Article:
I couldn't care less because the soundtrack is so damn catchy.
Tales of Monkey Island / Monkey Island Special Edition Composer: Michael Land / Jesse Harlin
I've stated that the revival of Monkey Island was perhaps my personal favorite surprise of last year. Michael Land reprized his role as composer of the series, and while there is a ton of new music, perhaps the best part of the Tales soundtrack is hearing bits and pieces of his old work inter-spliced with his new stuff. It's faint to hear, but it's most certainly there.
While Michael Land reprized his role quite naturally, Jesse Harlin could have screwed up royal remaking the classic soundtrack for the first game. He did not. There is something emotionally gripping for me, having had such a long history playing the original to hear those classic news remade and with such quality. It was like I was reliving my childhood.
Uncharted 2 Composer: Greg Edmonson
Holy. Mother. Of. God.
Greg Edmonson is a name that fans of Firefly would remember, he did the music for the series. Greg returns to score the Uncharted sequel with an army of instruments, and a huge list of different styles. Want something that sounds like your in Tibet? Done. Want an excellent character theme? DONE. Want a good piece of music that gets you in the mood from running on foot from a tank?! DONE.
The music at times replicates themes from adventure themes, and no better example is Drakes Theme. To be fair, that same piece of music was in the first one, but this sequel didn't have " Among Thieves". If that track doesn't get you in the mood of going on an adventure....shit... I dunno.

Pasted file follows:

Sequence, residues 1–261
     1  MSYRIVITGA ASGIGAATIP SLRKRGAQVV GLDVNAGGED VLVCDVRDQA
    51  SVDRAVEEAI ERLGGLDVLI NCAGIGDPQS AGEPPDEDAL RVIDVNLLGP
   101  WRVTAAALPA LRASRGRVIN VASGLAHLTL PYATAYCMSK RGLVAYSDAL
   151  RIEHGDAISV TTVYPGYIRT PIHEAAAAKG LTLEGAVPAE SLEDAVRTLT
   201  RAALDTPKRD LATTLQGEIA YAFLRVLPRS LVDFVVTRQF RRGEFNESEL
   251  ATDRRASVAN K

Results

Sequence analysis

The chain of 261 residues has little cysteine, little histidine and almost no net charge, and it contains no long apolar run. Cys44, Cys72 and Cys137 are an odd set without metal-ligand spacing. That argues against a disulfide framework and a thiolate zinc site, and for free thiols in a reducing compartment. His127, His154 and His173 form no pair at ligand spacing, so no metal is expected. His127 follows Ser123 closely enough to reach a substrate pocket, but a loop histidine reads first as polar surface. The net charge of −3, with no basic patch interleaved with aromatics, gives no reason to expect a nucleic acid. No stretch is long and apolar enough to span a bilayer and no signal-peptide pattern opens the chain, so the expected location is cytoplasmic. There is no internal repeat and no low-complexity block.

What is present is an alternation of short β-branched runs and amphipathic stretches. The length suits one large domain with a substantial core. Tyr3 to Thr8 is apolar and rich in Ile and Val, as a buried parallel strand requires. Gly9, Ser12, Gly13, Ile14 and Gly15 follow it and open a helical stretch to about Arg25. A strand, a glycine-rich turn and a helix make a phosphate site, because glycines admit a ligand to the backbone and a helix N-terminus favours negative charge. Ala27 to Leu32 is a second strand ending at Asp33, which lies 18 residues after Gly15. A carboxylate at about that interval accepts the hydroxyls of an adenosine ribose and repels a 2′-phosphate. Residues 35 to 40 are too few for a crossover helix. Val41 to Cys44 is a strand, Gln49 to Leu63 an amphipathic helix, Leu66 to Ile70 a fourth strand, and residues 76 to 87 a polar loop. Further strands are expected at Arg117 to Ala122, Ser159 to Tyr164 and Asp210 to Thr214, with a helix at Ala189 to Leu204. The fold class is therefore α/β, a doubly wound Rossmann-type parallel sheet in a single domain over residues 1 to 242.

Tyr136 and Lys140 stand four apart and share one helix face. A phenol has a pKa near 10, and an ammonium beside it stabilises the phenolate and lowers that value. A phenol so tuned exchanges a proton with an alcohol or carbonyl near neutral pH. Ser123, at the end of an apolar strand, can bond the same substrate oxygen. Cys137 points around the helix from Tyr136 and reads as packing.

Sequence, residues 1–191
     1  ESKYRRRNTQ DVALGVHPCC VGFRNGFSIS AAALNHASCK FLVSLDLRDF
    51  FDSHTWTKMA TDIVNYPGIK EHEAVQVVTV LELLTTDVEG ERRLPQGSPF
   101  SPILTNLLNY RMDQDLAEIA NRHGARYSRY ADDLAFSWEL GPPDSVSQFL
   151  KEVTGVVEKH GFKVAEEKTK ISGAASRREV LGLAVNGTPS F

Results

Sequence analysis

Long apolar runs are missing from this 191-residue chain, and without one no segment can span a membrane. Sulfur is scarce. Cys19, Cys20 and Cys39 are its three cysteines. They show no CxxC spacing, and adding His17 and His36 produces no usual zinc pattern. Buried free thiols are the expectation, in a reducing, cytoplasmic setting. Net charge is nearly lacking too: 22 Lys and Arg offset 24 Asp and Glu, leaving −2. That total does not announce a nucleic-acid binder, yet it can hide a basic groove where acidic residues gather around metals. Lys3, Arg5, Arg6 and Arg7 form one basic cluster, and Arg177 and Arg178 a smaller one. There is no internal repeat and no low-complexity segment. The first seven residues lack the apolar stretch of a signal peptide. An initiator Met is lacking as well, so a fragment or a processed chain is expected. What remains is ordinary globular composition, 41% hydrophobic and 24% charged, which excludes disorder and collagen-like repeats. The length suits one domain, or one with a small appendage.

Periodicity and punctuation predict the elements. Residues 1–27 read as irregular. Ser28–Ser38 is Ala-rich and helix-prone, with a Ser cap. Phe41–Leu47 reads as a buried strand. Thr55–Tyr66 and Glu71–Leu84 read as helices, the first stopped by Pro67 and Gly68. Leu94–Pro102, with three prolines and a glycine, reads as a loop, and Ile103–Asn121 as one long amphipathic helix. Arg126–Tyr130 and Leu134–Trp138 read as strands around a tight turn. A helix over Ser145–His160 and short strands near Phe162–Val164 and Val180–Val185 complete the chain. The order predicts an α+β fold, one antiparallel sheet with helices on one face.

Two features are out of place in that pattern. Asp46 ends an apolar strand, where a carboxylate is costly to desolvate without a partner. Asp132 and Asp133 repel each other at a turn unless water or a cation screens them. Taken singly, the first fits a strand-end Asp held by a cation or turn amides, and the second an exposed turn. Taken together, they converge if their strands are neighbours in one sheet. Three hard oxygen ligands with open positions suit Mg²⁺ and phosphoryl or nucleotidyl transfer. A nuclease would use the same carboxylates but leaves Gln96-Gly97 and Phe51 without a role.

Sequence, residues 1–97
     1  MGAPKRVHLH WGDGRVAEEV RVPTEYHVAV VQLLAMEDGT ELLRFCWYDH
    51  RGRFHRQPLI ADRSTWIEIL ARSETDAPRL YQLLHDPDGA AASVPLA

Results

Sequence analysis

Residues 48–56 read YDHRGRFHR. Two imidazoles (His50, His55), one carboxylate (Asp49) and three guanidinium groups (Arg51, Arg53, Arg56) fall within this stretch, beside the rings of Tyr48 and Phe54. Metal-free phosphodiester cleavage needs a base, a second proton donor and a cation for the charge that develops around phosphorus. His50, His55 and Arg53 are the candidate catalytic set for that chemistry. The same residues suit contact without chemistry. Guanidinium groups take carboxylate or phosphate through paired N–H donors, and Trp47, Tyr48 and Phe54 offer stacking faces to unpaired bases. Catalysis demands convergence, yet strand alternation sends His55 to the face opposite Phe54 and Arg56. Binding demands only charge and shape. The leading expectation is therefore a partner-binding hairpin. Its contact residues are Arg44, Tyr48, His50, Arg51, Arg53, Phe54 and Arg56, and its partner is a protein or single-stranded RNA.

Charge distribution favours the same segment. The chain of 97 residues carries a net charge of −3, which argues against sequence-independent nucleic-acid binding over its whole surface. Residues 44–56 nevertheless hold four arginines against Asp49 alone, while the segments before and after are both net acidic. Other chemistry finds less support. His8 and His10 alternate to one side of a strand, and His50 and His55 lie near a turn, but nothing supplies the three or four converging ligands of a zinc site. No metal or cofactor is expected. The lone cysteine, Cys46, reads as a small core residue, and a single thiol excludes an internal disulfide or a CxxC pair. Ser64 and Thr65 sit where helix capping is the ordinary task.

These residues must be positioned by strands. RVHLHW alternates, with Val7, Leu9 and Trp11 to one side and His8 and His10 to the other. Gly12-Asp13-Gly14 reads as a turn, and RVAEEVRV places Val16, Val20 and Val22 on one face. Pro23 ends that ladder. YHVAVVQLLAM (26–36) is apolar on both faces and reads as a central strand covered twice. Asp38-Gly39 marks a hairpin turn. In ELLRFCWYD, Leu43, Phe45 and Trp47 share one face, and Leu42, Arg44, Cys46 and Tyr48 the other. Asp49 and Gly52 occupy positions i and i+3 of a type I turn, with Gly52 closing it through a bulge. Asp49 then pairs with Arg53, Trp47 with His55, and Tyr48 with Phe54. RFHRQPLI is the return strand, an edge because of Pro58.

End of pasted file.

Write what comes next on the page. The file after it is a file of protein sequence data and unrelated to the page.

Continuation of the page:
Again, I have to stress the very exotic sound-scape of some of these tunes, specifically the choice of instrumentation. One of the hardest things for a game composer to do is establish music that goes along with gameplay, that captures a mood while your playing that's not specifically choreographed to actions on screen. Uncharted 2 accomplishes this so eloquently with it's instruments, not just specific to the scene but to the environment as well. Not only that, but it doesn't break it's action movie theme in the process.
Uncharted 2 is not just my favorite game soundtrack of the year for it's sheer listenable enjoyment, but for it's behind the scenes technicality that boggles my very fragile mind.
Uncharted 2's music was preformed by the Skywalker Session Orchestra.
I missed a bunch.
I know I did. I'm still playing through Assassins Creed 2 and Dragon Age, I can already hear the phenomenal work done in that. Brutal Legend probably had my favorite arranged soundtrack of all time for sure, that wasn't the point of this blog (Original music).
Are you boiling mad I missed a game for this year?
Too bad, my blog, go die.
Actually I strongly recommend you share.